Post# 967513 , Reply# 5   11/12/2017 at 17:10 by Gyrafoam (Roanoke, VA)        

Blue is a very commanding color. Even if you have a room full of other "cool" colors, blue will always stand out.
The people who were used to warm "earth tones" we're not looking for the blues.

I think that plays into the popularity of "neutral" colors that became popular in the eighties and lasted through the nineties. Almond,biscuit and other beige shades were "safe" colors, especially for those with no knack for decorating. I have known people who couldn't decorate a dog house. They usually went for "safe" (neutral) colors.

Those Whirlpools would look great with today's popular tones of gray.


Post# 967518 , Reply# 6   11/12/2017 at 17:26 by Frigilux (The Minnesota Prairie)        

frigilux's profile picture
My sister and brother-in-law had the MOL 7800 pair. He was impressed with the automatic dry cycle, although it had no electronic moisture sensor. He washed a small load of dress shirts when my sister was in the hospital having their 2nd child and set the dial to the auto cycle. About 15 minutes later I said, "I'm going to get the shirts out of the dryer." He protested, insisting the machine would shut off when they were dry. I told him to follow me to the laundry room. I pulled out the shirts and much to his surprise, they were, of course bone dry. I was 9 at the time.

I loved the washer with its signature splash-splash agitation thanks to the Surgilator.


Post# 967588 , Reply# 7   11/12/2017 at 20:28 by Washerlover (Lake County, California: Wines With Altitude)        
Bendix

washerlover's profile picture
My Mom hated the Bendix front-loader my Dad won in some sort of sweepstakes back in the late 1950s. She said the detergent wouldn't dissolve and the clothes never came out clean, often with dry detergent still in clothes after the entire cycle. She went to Frigidaire in 1961 and after that, Wards Signature in 1973 which she said was the best.

Post# 967599 , Reply# 8   11/12/2017 at 21:18 by norgeway (mocksville n c )        
Re Wards

Of course...It was a NORGE!

Post# 967687 , Reply# 9   11/13/2017 at 09:44 by agiflow2 (iselin, nj)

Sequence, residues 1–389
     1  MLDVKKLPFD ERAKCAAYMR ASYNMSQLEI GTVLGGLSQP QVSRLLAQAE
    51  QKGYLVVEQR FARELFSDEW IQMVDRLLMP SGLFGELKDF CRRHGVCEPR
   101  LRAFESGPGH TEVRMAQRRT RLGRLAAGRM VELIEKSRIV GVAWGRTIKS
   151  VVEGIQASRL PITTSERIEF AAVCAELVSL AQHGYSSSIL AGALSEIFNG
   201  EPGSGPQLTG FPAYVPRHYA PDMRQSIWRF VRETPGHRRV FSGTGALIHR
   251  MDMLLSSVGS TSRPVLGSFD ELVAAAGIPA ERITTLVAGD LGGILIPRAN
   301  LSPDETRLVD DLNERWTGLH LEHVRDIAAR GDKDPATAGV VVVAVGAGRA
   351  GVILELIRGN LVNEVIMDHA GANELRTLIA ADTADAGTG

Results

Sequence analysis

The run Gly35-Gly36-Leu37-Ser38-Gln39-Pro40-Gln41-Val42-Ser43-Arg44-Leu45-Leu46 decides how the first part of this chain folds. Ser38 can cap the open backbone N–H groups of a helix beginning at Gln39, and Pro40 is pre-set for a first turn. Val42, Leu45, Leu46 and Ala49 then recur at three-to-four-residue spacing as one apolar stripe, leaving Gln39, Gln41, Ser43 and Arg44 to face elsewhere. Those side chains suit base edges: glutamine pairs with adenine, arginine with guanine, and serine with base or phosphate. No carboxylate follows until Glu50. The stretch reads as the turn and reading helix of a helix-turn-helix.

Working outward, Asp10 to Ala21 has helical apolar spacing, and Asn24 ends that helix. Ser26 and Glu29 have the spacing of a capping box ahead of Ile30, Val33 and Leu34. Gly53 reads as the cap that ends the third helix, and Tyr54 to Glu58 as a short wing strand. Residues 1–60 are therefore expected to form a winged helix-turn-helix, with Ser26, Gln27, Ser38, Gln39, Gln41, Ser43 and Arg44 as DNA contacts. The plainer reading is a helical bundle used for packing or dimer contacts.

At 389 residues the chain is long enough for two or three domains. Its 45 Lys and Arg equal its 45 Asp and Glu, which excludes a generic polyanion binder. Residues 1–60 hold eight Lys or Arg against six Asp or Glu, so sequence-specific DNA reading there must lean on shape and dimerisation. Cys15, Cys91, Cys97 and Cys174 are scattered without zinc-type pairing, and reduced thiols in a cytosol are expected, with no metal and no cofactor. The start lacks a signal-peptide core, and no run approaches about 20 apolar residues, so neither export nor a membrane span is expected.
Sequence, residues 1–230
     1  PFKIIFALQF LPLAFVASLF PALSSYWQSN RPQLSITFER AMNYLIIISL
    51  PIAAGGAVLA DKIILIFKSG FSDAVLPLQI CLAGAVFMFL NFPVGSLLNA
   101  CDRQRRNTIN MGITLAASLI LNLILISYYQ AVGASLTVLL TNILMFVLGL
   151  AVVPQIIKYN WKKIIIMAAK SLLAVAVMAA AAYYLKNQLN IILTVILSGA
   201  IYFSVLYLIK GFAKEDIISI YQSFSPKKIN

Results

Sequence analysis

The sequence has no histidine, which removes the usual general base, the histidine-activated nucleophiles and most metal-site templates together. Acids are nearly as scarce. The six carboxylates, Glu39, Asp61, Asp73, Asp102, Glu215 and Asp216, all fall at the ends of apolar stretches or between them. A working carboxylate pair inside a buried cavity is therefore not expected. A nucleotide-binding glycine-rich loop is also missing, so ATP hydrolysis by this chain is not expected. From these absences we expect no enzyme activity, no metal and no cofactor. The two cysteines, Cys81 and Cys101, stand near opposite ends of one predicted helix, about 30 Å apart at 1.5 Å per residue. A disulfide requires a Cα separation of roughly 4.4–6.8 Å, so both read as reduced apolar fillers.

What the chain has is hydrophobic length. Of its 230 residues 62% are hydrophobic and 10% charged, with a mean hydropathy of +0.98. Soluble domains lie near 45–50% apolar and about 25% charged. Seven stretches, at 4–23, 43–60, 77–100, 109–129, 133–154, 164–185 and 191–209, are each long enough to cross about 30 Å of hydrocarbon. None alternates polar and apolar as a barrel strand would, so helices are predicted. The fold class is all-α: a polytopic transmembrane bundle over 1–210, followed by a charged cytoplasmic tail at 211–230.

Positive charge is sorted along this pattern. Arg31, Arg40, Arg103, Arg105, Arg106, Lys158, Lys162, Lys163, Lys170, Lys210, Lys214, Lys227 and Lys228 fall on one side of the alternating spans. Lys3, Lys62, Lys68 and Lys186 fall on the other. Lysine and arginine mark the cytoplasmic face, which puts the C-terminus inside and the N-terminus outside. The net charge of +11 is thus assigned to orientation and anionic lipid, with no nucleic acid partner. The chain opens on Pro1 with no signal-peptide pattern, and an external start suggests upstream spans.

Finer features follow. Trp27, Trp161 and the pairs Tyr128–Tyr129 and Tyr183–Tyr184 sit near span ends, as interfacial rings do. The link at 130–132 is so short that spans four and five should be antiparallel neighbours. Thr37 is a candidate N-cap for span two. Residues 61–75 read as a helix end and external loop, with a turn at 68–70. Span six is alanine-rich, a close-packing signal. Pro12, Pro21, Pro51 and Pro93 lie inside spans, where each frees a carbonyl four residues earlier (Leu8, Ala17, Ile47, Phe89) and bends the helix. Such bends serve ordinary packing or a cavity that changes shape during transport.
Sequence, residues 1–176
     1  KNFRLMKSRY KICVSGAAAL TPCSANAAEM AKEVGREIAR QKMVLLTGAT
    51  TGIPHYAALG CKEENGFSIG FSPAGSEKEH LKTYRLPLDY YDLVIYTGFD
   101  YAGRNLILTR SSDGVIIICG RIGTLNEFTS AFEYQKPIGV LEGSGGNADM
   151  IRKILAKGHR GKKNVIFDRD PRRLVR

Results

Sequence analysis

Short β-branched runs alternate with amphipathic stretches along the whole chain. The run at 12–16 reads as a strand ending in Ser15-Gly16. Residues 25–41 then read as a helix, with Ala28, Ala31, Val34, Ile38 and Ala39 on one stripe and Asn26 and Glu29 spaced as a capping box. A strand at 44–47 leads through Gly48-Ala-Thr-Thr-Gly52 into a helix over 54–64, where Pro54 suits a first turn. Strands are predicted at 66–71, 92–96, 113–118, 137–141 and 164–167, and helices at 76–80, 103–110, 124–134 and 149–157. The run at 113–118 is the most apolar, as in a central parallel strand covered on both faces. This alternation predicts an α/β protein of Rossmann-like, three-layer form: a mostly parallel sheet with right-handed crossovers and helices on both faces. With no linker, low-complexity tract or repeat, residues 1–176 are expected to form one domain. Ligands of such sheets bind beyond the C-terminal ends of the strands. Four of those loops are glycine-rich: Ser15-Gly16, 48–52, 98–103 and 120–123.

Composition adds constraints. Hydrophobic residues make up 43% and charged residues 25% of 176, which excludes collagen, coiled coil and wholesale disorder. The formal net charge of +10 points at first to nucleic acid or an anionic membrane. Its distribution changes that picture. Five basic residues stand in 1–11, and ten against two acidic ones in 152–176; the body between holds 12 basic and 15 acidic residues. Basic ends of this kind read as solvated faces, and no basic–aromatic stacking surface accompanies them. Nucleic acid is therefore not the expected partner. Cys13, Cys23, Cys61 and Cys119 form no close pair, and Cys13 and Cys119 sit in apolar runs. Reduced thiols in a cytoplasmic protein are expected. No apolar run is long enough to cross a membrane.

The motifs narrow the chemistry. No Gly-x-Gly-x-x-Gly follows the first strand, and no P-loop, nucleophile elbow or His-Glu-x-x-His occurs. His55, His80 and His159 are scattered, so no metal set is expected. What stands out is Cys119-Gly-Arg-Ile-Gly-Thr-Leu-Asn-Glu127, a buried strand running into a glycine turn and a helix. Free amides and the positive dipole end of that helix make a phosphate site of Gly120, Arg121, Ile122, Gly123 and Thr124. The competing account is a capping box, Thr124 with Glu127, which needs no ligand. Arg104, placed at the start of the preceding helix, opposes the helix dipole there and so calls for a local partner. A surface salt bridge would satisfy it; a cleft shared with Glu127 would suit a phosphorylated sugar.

Did anyone save yesterday's POD? Could someone please repost it?

Thanks
Pat


Post# 967700 , Reply# 10   11/13/2017 at 12:07 by DADoES (TX, U.S. of A.)        

dadoes's profile picture
 
Pat:  Did anyone save yesterday's POD? Could someone please repost it?
There's a directive at the top of the PoD page stating that the image can be saved by individuals wishing to have an offline library of them but "we ask ... that you please don't [re]post [them] into the Forum threads at anytime."

"We" being the owner/webmaster of the site.


Post# 967701 , Reply# 11   11/13/2017 at 12:14 by agiflow2 (iselin, nj)        

Thanks Glen...my bad.

Post# 967730 , Reply# 12   11/13/2017 at 15:39 by DaveAMKrayoGuy (Oak Park, MI)        

daveamkrayoguy's profile picture
It's a Whirlpool washer & dryer catalog--and isn't it offered in Automatic Ephemera?

What's surprising to me about it is one washer offered in 18-LB capacity (& available in White only, as well) & not the TOL, or any near-TOL; why?

Also no mention if any of the dryers (TOLO & 2nd-from, of course) have a lighted work surface, as the "best" and "next-to-best" washers do...

I would also love to see some of those (limited as they may be) colored in the Fawn color, as well--you only, at least see the White, Avocado, Copper & at least Sapphire-Blue...



-- Dave


Post# 967734 , Reply# 13   11/13/2017 at 16:01 by DADoES (TX, U.S. of A.)        

dadoes's profile picture
 
1968.  18 lb capacity wasn't yet mainstream in the WP (and KM) line.  I think that happened circa 1974-75, maybe 1976.

Dryer consoles were lighted the same as the paired washers.

Paternal grandparents had a 7800 pair (dryer a couple/few years newer than the washer) that had only the timer dials backlit (incandescent).